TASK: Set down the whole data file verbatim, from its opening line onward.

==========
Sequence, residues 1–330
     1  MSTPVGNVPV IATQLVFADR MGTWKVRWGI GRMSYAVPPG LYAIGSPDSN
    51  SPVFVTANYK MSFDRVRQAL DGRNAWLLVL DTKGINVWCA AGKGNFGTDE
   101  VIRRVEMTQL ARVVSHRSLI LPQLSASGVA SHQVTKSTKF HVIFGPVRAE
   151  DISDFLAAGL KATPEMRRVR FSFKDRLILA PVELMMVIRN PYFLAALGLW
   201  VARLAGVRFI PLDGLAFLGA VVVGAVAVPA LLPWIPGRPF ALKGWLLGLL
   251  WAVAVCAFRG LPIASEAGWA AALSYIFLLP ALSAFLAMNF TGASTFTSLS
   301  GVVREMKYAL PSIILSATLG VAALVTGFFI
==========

Sequence, residues 1–330
     1  MSTPVGNVPV IATQLVFADR MGTWKVRWGI GRMSYAVPPG LYAIGSPDSN
    51  SPVFVTANYK MSFDRVRQAL DGRNAWLLVL DTKGINVWCA AGKGNFGTDE
   101  VIRRVEMTQL ARVVSHRSLI LPQLSASGVA SHQVTKSTKF HVIFGPVRAE
   151  DISDFLAAGL KATPEMRRVR FSFKDRLILA PVELMMVIRN PYFLAALGLW
   201  VARLAGVRFI PLDGLAFLGA VVVGAVAVPA LLPWIPGRPF ALKGWLLGLL
   251  WAVAVCAFRG LPIASEAGWA AALSYIFLLP ALSAFLAMNF TGASTFTSLS
   301  GVVREMKYAL PSIILSATLG VAALVTGFFI